Posts Tagged ‘mushroom’

Part of me thrills to walk in the woods
and find dozens of old king boletes,
their cinnamon caps stretched and blotched,
the yellow sponge of their underbellies
bloated with rain and dappled with dross,
their stems turned to lace by maggots.
There was a time I felt responsible
for gathering them all to eat them, to dry them,
to share them, lest they go to waste.
As if I could ever gather them all.
As if to bloom and thrive
and return to the earth is a waste.
The mushrooms teach me something
of what it is to show up, to give it all
for the sake of giving it all.
I feel so lucky now to find their dark puddles
as they deliquesce.
Soon, there will be no evidence
they were here at all. I leave the woods
no less broken, more whole.

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Now I understand how grief
is like a mushroom—
how it thrives in dark conditions.
How it springs directly
from what is dead.
Such a curious blossoming thing,
how it rises and unfurls
in spontaneous bourgeoning,
a kingdom all its own.

Like a mushroom,
most of grief is never seen.
It grows and expands beneath everything.
Sometimes it stays dormant for years.

Grief, like a mushroom,
can be almost unbearably beautiful,
even exotic, delicate, veiled,
can arrive in any shape and hue.
It pulls me closer in.

Like a mushroom, grief
asks me to travel to regions
of shadow and dim.
I’m astonished by what I find—
mystery, abundance, insight.
Like a mushroom, grief
can be wildly generative.
Not all growth takes place
in the light.

This poem was published in ONE ART: A Journal of Poetry on 9/11/22

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One Running Path




in unfamiliar woods

finding chanterelles and puffballs—

old friends

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Just because the moss is exactly
the right color green and the spruce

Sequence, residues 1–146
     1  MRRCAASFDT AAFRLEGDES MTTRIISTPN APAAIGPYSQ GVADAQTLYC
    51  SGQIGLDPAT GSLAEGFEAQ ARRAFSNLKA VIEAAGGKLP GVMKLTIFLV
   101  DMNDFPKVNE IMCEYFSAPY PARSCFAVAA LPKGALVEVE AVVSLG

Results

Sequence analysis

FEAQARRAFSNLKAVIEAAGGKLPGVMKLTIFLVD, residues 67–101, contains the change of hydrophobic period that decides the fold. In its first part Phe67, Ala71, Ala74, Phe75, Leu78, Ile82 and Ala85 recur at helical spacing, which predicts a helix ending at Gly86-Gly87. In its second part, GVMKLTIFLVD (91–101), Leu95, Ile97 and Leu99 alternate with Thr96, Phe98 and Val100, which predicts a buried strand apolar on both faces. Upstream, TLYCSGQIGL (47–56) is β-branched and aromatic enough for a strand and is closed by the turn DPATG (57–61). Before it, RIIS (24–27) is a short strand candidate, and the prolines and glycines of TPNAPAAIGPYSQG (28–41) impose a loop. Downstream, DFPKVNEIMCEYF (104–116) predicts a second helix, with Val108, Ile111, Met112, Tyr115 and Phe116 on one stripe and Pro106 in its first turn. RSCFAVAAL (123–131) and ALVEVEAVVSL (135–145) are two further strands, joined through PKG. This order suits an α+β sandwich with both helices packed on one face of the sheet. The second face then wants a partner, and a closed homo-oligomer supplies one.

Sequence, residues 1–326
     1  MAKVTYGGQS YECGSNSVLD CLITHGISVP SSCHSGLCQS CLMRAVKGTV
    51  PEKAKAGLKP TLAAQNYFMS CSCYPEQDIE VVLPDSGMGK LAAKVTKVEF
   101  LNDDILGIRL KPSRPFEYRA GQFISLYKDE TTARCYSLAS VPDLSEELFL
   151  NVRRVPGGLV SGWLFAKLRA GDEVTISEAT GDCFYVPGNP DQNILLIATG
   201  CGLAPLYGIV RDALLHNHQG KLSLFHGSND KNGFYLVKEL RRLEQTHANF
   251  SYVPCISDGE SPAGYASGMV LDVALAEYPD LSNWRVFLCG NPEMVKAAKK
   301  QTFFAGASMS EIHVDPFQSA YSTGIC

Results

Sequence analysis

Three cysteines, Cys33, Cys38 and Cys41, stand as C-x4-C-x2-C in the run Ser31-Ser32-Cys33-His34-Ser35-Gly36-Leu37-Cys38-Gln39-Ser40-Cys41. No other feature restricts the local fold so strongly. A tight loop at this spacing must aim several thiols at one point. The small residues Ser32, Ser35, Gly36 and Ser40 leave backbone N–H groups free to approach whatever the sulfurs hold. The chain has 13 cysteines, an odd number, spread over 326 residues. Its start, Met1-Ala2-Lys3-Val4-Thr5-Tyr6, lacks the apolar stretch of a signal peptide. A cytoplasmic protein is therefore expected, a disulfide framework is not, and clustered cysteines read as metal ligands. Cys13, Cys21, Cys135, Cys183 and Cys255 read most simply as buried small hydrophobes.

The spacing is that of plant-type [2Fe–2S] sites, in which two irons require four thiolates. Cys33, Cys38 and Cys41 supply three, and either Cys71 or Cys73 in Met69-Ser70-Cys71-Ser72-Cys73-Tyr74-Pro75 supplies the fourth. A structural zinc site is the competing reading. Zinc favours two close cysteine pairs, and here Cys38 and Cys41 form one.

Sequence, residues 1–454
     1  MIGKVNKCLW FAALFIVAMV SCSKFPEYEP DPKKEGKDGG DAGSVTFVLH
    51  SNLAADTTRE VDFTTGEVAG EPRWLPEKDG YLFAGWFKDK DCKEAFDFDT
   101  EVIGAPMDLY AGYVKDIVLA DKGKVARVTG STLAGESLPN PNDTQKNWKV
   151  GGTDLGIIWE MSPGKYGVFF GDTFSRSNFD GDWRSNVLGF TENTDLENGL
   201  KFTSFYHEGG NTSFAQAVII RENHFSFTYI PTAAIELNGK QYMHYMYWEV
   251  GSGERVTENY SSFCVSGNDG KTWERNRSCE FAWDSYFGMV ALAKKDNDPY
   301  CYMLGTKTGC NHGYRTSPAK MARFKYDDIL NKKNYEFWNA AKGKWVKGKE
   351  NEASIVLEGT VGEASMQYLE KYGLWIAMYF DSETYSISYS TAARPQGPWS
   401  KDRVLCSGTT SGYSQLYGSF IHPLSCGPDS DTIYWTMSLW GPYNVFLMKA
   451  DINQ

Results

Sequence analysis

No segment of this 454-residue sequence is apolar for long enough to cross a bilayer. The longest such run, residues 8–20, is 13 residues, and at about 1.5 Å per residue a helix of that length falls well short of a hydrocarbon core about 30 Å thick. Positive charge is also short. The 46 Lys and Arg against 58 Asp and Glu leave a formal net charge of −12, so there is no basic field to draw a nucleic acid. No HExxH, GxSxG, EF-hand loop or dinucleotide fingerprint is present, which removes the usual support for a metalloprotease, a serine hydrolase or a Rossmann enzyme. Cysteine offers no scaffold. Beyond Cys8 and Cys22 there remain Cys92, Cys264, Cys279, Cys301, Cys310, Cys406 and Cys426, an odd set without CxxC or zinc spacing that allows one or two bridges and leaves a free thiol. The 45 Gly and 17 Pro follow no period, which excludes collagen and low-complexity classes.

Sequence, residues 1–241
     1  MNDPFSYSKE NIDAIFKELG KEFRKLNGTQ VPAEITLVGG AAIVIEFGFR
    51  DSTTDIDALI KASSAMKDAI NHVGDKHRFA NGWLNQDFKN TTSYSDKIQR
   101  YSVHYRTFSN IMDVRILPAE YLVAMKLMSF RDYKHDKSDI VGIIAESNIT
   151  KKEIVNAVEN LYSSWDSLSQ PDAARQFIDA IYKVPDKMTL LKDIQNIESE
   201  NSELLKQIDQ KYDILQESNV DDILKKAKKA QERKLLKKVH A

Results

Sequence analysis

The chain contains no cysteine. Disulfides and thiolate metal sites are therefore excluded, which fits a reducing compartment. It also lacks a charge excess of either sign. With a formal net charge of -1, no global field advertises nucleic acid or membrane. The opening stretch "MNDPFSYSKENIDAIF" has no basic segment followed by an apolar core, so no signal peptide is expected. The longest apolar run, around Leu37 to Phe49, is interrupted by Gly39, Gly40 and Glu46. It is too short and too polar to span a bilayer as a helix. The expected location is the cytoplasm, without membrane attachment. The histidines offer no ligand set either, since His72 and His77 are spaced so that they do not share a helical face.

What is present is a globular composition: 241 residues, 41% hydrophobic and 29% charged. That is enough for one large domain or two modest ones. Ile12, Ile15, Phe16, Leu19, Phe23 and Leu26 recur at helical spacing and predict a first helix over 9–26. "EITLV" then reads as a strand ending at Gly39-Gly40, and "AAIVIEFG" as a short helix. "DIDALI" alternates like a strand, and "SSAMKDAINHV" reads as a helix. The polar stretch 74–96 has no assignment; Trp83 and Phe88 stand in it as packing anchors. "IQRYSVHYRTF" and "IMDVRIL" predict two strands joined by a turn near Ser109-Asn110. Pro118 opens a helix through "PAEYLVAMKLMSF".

are spaced just widely enough to let

the sunshine in, just because
the red strawberry leaves and purple
gentian are growing nearby, just because

it rained last night and just because you
have found them here before is no
guarantee that the mushrooms you want

to find are here this time. And they aren’t.
A voice rises in you, “But they should be here,”
and you find yourself arguing with the world.

Disappointment, I suppose, is the mother
of indignation. You could already taste them,
sautéed in butter, hearty and nutty and rich.

The absence feels unfair. You look again,
this time in the field. You look again at the edge
of the woods. You look again in the low grass

on the ridge. And find nothing except
your longing to find something that is not here.
You are still holding the basket, empty

except for two small brown bolete buttons—
they are the perfect size for eating,
only hardly enough to bother with.

Expectation has a bitter taste, one that seems
to only enhance a hunger. There’s a beauty
in noticing this—not that it makes the longing

go away, but somehow you see that this is just
another invitation to want exactly
what is happening—

the empty basket, the growing hunger,
the ground so wet, so full
of potential right beneath your feet.

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It’s Laughable

So easy sometimes
to forget how to be alive,
and then, walking the edges
of the spruce forest,
we come across in the duff
not just the brown cap
of boletus edulis but
that whatever it is
that we have forgotten,
simple and humble and miraculous,
it was there all along,
not really hiding,
just waiting for us
to find it.

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